How does Norman Yoffe's criticism of Collapse in the book, Questioning Collapse, weaken Diamond's argument regarding the importance of the environment for the Mayan society's evolution? Also please...
How does Norman Yoffe's criticism of Collapse in the book, Questioning Collapse, weaken Diamond's argument regarding the importance of the environment for the Mayan society's evolution? Also please state reasons why it does not weaken Diamond's argument. In your opinion why is Diamond's argument better?
First of all, I will be basing my answer to this question on the chapter by McAnany and Gallareta Negron in Questioning Collapse, not on anything that Yoffee himself writes. This is because McAnany and Gallareta Negro’s chapter is the one that specifically addresses the fate of the Maya.
In Collapse, Diamond argues that there are four sets of factors that helped to cause the collapse of the Mayan civilization. Two of these were related to the environment. He argues that the Maya caused deforestation and erosion. He also argues that there were repeated droughts that did great harm to the Maya economy. These environmental factors were not the only factors that caused the collapse, but they did contribute to it in important ways.
By contrast, McAnany and Gallareta Negron deny that there was any serious drought. They argue that there is no evidence for widespread serious drought in the area where the Mayan empire was. They argue that the Maya did not really cause that much environmental degradation either. They point out that the Europeans who settled in what is now the United States did much more in the way of deforestation than the Maya ever did.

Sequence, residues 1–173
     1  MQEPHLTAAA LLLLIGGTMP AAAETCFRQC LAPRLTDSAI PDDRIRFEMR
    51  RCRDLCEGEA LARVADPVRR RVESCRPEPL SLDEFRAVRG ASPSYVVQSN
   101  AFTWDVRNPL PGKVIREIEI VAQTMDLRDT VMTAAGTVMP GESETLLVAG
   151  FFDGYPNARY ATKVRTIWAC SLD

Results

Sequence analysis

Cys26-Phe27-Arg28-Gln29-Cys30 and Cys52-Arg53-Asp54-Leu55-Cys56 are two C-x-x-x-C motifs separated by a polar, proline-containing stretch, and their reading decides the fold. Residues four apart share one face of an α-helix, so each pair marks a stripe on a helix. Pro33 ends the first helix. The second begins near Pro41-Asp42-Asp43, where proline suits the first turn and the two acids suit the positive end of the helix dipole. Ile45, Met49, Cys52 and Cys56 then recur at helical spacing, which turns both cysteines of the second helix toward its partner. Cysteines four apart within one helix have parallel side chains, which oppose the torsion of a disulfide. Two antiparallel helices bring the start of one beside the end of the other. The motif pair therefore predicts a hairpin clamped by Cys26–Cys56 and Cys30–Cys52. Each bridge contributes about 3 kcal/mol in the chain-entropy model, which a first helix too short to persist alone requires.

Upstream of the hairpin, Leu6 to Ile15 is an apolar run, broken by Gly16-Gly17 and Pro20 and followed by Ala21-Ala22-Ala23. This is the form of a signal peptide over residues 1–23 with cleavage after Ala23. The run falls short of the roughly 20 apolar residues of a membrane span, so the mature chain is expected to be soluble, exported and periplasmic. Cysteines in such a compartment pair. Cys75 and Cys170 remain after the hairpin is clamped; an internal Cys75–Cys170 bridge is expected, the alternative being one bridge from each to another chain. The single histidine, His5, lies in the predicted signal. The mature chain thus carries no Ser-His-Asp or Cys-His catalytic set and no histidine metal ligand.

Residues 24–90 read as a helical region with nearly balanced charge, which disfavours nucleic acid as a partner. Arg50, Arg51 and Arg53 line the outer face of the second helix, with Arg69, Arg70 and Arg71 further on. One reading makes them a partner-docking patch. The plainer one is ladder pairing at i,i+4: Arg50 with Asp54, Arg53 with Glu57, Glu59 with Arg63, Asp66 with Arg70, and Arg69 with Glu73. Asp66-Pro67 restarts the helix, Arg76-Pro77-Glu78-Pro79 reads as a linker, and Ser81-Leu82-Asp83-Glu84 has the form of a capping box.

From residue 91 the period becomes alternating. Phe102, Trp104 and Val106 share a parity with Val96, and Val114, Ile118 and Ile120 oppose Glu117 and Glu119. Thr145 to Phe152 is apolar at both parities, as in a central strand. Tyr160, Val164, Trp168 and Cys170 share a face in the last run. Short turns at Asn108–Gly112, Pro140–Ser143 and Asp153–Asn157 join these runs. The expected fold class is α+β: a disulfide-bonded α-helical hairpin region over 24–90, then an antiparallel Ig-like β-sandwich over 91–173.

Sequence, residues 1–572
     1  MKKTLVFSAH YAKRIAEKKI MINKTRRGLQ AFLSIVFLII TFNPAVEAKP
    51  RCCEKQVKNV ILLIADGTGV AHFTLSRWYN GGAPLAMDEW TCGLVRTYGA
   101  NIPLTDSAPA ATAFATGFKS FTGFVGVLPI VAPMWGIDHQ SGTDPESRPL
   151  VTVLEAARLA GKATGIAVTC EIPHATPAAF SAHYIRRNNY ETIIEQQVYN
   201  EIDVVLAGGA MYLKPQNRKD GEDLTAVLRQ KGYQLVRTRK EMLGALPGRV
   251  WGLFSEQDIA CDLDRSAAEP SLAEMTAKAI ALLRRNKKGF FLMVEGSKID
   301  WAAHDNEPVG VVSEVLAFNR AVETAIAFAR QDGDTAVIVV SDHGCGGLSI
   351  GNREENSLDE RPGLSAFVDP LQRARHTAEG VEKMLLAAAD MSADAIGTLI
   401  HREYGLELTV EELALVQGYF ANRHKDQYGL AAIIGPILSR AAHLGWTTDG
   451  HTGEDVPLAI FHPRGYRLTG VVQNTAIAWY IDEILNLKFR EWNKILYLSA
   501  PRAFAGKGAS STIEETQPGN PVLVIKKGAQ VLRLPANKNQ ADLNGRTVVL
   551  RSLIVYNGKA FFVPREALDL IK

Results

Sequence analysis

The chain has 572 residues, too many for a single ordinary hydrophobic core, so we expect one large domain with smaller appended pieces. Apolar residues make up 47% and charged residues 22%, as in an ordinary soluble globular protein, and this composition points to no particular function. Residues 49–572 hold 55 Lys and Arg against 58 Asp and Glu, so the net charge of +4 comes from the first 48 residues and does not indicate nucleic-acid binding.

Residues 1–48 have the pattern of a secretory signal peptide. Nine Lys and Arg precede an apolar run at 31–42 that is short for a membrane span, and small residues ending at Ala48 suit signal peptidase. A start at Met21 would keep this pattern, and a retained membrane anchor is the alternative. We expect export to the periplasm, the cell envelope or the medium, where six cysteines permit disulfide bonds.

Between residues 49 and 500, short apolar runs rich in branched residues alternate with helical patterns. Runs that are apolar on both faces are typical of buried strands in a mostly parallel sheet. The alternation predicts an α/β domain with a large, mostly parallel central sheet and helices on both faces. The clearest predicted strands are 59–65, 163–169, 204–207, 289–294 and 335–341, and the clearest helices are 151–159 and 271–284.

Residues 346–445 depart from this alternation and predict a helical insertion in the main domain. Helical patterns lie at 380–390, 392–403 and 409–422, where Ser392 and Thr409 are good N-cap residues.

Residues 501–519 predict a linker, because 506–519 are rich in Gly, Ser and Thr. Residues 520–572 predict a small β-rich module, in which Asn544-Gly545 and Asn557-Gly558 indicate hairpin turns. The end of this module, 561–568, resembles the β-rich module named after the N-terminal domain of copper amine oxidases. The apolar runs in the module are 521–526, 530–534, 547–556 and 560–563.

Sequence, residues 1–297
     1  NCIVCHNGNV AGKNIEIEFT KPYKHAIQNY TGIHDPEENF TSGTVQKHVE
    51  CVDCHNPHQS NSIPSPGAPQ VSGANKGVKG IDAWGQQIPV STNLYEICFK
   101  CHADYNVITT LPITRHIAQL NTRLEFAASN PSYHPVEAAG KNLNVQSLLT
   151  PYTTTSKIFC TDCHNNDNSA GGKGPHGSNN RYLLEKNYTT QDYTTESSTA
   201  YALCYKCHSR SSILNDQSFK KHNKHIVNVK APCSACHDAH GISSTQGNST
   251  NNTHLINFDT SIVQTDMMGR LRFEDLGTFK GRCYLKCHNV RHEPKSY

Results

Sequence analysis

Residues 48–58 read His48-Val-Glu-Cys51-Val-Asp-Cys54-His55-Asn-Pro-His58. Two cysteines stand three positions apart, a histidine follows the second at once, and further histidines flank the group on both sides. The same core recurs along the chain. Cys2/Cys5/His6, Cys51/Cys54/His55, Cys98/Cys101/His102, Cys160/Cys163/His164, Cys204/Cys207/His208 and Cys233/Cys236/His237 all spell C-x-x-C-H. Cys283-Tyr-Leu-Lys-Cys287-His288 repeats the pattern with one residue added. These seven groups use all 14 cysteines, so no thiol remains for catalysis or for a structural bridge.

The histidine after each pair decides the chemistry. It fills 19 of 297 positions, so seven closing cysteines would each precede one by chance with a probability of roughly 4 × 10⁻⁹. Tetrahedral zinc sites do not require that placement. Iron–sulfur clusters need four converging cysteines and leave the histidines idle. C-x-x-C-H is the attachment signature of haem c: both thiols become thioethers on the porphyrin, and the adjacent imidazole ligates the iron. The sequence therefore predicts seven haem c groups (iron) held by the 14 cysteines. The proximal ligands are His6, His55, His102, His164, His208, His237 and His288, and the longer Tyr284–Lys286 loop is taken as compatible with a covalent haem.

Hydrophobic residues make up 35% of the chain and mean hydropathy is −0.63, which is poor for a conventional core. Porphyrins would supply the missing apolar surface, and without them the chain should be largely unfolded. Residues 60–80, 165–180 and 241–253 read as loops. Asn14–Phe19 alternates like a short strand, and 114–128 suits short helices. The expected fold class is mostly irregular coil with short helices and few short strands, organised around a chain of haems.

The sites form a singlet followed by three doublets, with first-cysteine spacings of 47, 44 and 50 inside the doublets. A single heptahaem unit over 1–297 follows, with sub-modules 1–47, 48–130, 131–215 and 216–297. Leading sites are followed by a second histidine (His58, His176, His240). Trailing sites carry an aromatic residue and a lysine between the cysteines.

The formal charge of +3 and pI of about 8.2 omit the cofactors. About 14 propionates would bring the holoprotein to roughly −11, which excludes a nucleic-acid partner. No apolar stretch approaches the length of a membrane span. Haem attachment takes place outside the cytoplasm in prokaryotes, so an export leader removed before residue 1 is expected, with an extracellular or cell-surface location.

If McAnany and Gallareta Negron are correct, Diamond’s conclusions are called into question at least to some degree. If there was no drought in the Maya homeland, one of Diamond’s four factors is disproven. If the Maya did not cause environmental degradation, a second factor is disproven. This would mean that half of Diamond’s argument is false (in addition, they deny the accuracy of Diamond’s arguments that do not have to do with the environment).
My own view is that Diamond’s argument is still stronger. One reason for this is that there appear to be many scholars who disagree with the conclusions of McAnany and Gallareta Negron. For example, this study and this study argue that drought really was very important in causing the Maya collapse. As another example, this study argues that warfare was an important factor (McAnany and Gallareta Negron deny this as well). My view is that McAnany and Gallareta Negron are committed to the idea that the Maya collapse never occurred at all. They feel that it is in some way insulting to the modern day Maya to imply that their civilization collapsed and that their ancestors could have been in some way to blame for this. Diamond’s argument clearly has support among other scholars (even among experts in the field, which Diamond is not). McAnany and Gallareta Negron feel that Diamond is simply wrong on all counts. I do not agree and, it seems, neither do some scholars of the Maya.